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    1. That party sounds über adorable, and bandaids? I'd more than happily wear plated armor over my chest if it would help. I hate the idea of being the one to decide, too, especially because no matter how tired of it I get some days I know without a doubt I'll miss it. Dang hormones. ;) Thanks for the idea!

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  9. Oh my gosh, are we twins, Robyn? This is so me. All of my others weaned between 9 and 12 months. But my 20 month old is perfectly used to Mommy's nipples soothing him to sleep. I've tried to just rock him or give him a pacifier, but he gets insensed. He gets so excited when he sees the Boppy pillow, and he is so cute, and I do like cuddling, and it's only at nap and night time. Yes, I've gone through the whole thing in my head too. Surely we won't end up on the cover of Time Magazine, will we?

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    1. You just totally made my night - that's it exactly! If Time calls, I'm not going to the photo shoot without you. :)

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  10. Cute story, Robyn! I totally get the part about our role of just hanging out and pretending to be important while they take all their life decisions on their own (as it should be!)

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    1. It sure feels that way a lot of the time, doesn't it? ;)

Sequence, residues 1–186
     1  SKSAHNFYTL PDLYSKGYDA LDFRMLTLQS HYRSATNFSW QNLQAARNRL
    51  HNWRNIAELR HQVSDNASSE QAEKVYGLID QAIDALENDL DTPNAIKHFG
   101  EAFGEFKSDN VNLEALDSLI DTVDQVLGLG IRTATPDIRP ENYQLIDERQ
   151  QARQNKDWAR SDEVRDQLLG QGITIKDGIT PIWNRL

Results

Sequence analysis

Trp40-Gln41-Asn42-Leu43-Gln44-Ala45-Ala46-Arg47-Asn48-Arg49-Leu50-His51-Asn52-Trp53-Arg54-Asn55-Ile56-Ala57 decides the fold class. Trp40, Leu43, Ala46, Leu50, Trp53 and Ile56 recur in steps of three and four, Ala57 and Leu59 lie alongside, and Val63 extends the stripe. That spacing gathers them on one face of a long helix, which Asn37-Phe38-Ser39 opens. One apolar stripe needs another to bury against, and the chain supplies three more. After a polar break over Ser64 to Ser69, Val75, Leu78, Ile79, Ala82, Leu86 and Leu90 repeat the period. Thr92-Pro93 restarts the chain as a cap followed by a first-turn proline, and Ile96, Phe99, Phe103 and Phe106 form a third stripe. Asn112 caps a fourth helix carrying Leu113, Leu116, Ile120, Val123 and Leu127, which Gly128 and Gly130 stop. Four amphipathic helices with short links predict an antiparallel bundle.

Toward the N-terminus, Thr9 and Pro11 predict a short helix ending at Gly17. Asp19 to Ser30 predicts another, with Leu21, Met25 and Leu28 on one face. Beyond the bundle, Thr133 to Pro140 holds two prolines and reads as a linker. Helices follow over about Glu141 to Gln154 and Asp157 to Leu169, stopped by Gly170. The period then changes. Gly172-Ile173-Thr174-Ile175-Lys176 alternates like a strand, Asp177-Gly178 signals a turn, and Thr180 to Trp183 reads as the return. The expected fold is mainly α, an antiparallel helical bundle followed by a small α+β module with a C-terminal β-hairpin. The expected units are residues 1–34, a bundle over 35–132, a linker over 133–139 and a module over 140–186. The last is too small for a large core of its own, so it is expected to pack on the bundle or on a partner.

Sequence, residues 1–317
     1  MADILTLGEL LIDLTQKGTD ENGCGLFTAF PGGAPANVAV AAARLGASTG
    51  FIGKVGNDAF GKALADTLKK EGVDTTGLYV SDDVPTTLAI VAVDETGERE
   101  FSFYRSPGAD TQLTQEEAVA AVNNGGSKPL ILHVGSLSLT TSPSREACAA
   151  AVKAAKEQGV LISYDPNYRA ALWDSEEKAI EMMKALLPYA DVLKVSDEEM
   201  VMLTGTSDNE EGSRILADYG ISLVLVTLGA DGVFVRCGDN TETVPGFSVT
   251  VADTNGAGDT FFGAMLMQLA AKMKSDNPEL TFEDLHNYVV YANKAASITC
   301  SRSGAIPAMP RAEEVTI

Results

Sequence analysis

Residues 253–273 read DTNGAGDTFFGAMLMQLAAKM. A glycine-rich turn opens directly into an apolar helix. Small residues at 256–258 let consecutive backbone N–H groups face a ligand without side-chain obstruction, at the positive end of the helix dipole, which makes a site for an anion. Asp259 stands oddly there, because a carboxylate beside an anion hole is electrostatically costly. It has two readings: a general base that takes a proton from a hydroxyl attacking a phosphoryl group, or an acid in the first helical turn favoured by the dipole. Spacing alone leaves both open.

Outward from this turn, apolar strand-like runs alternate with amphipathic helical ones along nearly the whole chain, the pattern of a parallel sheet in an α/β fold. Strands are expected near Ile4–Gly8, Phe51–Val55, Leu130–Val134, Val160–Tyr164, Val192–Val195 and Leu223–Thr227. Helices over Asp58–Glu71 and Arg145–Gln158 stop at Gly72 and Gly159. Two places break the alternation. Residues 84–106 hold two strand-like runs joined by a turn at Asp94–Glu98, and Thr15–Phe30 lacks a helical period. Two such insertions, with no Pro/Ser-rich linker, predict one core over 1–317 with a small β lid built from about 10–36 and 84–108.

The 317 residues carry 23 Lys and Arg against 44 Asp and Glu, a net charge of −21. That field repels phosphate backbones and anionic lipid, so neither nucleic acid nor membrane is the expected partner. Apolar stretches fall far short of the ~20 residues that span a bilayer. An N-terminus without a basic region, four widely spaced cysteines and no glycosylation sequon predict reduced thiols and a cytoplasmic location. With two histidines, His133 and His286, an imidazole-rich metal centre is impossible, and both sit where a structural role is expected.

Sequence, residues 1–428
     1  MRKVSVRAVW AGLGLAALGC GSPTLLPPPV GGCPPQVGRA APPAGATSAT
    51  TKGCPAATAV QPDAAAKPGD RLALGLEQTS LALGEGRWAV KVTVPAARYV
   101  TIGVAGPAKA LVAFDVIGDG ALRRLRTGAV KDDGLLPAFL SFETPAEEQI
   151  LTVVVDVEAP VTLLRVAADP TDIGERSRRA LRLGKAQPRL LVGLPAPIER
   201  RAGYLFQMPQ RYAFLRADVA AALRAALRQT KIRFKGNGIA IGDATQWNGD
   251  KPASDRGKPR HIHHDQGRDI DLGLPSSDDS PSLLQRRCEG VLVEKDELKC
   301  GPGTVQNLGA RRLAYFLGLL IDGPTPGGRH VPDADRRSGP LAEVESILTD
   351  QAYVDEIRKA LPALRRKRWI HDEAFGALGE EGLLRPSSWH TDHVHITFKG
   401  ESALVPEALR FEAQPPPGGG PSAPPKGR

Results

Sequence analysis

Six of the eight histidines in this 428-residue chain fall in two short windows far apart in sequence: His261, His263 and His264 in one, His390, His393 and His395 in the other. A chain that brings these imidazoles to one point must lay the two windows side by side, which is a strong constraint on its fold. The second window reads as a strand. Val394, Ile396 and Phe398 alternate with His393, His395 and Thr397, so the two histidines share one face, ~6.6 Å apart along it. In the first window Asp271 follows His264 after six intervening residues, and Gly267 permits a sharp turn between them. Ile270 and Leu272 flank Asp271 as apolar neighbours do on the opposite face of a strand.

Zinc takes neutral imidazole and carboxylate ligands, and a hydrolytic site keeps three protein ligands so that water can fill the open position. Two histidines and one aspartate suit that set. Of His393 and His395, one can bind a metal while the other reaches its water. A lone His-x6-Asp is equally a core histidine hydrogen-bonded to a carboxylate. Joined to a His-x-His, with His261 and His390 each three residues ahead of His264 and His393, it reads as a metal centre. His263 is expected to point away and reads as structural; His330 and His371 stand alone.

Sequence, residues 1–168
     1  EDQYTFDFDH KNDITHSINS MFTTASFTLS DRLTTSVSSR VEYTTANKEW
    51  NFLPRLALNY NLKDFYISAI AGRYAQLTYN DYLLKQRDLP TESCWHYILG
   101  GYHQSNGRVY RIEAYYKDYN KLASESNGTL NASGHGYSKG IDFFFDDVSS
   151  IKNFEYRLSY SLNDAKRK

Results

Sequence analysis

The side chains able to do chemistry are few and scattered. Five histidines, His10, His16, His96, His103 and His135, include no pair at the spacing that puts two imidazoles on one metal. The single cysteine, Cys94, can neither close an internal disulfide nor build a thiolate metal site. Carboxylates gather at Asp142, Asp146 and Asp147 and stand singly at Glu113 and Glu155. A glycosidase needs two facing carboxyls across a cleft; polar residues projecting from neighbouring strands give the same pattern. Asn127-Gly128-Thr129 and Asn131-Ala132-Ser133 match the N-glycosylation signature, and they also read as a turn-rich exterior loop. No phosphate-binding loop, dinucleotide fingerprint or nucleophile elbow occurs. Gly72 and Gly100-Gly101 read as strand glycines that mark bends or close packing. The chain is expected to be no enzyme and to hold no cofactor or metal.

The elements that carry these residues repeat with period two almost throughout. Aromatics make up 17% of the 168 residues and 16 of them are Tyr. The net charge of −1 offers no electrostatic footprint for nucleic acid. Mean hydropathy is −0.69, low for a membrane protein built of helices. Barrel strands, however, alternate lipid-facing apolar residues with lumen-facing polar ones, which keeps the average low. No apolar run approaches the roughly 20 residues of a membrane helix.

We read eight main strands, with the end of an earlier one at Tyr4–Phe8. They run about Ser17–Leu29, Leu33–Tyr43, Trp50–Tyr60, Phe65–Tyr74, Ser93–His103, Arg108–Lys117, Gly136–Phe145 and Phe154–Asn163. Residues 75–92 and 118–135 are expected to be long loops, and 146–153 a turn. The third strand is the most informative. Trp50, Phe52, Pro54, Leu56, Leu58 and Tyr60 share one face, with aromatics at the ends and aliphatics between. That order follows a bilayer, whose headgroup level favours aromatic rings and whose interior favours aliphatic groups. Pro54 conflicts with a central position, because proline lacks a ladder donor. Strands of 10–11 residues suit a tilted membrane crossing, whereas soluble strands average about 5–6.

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  11. Being needed this way does sometimes suck. (What an awesome line.)We're working on whittling down to nap and bedtime over here as well, but my one year old might 'nuhsss' forever too. While latched onto one boob, she holds on to the other and when she isn't using either, she is constantly confirming their well being, even makes trips across the room just to say 'hey'. When I carry her around she holds onto my breast as those it wouldn't come along otherwise. Not to complain, I'm going to milk this relationship for all it is worth. But there are times I think I might be okay detaching them and handing them over entirely to her care.

    P.S. Jenn at SomethingClever2.0 did a Theme Thursday link up on the topic of breastfeeding a couple weeks back...you can find her board on Pinterest if you're interested.

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    1. I have the same thing here- the check-ins, and the habit of manhandling one while latched on the other. And the occasional wish to detach them - that too. ;) Thanks for the heads up about Jenn's board - I'll check it out!